Craig Wilkes is one of the founders of Go Green, Meridian!, a non-profit based in Meridian, Mississippi focused on empowering its community to make healthy and sustainable choices. As a part of this initiative Go Green, Meridian! has been growing a food garden called the “Love and Peas Community Garden” for the past seven years.
Tell me about yourself.
My name is Craig Wilkes. I’m in Meridian, Mississippi. This is a small southern town in South East Mississippi, there’s about 74,000 residents in this county. It’s a very typical southern town: very poor, a mix of black and white, some Latinos and some Asians. I was born and raised here, but left here when I was 18. I lived in San Francisco and New York City for thirty years, got married to my husband in New York and we moved back here to Mississippi about 7 years ago. I have my own business I run a bra Factory in Sri Lanka and I do a lot of volunteer stuff here in Mississippi.
How did you get involved with Go Green, Meridian?
I came together with a group of like-minded people, liberals I would call them, but there are Republicans and Democrats, black and white, and we formed a little group called Go Green, Meridian!. It was originally structured around bringing awareness to growing your own food, healthy eating, even beekeeping—all types of natural initiatives that you can do to improve your life that don’t cost too much money.
How has community gardening become part of Go Green, Meridian’s mission?
After I joined the group, about 7 years ago, we came up with the idea to start a local community garden that teaches organic and sustainable best practices for growing food. After a local businessman donated the use of some commercial land, we broke ground and planted the Love and Peas Community Garden. Community gardens can be set up so that you have you own a little plot that you rent and you do what you do. We decided to do more of a teaching garden where everyone comes and works together. We teach people how to grow food organically and sustainably and then we share equally everything that comes out of the garden. The garden is open to all and we work as a group 4 hours per week 52 weeks of the year. It’s really become a beautiful, calming spot that people like to come to.
Who are some of the people you work with in this garden and what initiatives do you run?
We host school groups, church groups and garden groups. The group itself is open to everyone; we have a diverse group in terms of race, religion, politics, and gender. We provide demonstrations, teach classes and donate food to local food banks. Fresh local organic produce is a rare thing to offer in that particular situation. Some of the classes we teach include cooking courses, sustainability practices and gardening workshops.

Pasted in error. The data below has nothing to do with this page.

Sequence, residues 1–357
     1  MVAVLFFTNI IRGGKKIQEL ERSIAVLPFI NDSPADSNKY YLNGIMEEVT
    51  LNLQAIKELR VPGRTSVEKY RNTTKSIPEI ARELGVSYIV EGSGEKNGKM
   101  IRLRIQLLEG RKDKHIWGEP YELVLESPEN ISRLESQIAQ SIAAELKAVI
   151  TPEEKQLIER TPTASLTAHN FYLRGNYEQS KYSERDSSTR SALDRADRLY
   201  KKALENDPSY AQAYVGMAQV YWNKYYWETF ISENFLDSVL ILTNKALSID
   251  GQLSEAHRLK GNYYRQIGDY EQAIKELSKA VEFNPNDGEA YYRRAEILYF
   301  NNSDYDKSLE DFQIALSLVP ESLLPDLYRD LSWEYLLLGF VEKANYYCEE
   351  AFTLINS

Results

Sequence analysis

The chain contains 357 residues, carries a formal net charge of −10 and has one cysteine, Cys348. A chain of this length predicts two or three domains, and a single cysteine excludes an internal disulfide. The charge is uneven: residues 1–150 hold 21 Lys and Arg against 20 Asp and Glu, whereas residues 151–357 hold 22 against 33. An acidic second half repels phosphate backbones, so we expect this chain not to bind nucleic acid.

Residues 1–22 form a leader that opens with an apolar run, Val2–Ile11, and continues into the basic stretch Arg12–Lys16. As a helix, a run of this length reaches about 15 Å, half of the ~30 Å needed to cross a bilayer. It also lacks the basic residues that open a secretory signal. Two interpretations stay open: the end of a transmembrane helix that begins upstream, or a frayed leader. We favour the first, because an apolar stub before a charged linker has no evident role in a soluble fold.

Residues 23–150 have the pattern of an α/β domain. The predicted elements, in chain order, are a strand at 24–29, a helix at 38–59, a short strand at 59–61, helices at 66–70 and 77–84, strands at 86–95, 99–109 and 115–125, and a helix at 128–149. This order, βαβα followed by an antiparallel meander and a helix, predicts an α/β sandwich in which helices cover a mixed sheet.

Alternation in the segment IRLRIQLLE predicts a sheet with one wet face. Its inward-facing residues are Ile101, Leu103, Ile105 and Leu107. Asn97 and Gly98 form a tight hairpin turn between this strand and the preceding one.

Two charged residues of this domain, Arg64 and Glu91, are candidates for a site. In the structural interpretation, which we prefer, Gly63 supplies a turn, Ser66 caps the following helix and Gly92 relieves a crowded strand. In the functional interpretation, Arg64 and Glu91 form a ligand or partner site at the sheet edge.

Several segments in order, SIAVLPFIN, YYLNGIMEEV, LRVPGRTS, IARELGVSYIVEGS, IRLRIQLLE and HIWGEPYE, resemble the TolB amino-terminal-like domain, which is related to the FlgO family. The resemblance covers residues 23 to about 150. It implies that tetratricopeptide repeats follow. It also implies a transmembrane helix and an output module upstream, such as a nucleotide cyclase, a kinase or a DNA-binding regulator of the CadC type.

What types of produce do you grow in that garden? What’s your favorite?
We are very lucky with our climate in Mississippi. Everyone knows of the summer heat and humidity of the deep South, but folks don’t realize you can grow food all fall and winter as well. We grow everything from lettuce to tomatoes, but we also specialize in tea plants, medicinal plants and beneficial plants for pollinators, especially butterflies. My favorites are summer tomatoes and winter greens.
Could you tell me about a day you spent as a group in the Love and Peas Community Garden that really sticks out to you?
This past fall we had a group of 1st to 5th grade students come tour the garden. Some of the kids are troubled and having difficulty learning and behavior problems. One of the students was so surprised by the smell and taste of fresh mint that he ran up to the school supervisors to share this new experience with him. The principal was astonished as it was the first positive interaction the two had ever had.
By this point you’re a gardening pro, do you have any tips for people just starting or thinking about starting a garden?
When someone tells me they want to start a community garden, I always stress the amount of work and commitment you must give to such a project. It ain’t easy some days! I tell them my advice is to come work with us and see what you’re getting into because it is a huge amount of work and responsibility. But also, I tell people growing food is growing money. Especially in these tough economic times, if you want to have a bit more spending power a pack of seeds doesn’t cost a whole lot of money.
You’re also a pro at using the SeedMoney platform by now, what tips do you have for people thinking about using SeedMoney?
The most effective way to raise money is share, share, and share! Over time we have built up a stable of generous folks who are always willing to help support what we do. A great story with compelling pictures of people interacting with the garden speaks volumes to what we are doing and what we want to achieve. Using your organization is very easy. It’s a very straight forward process, but at the same time I think you need to put a lot of effort into determining what you want to get out of this program. Does that make sense?
Yeah sure that makes sense. Would you say that it’s helpful to construct a story for your organization in order to attract attention?
Yeah, like you said. You start with this and you want to go where? How do you get from point A to point B? Now, we reach just a small group of people, really and truly. Our goal now is how do we extend that further. How do we reach more people? We’re all volunteers with limited time and energy. How do you get from just this to something that affects more people in a positive way without a lot of resources?
Do you have any parting words for the readers?
Remember a community garden is about everyone who lives in your town, city and county. Always strive to have members of your group that reflect all who live there.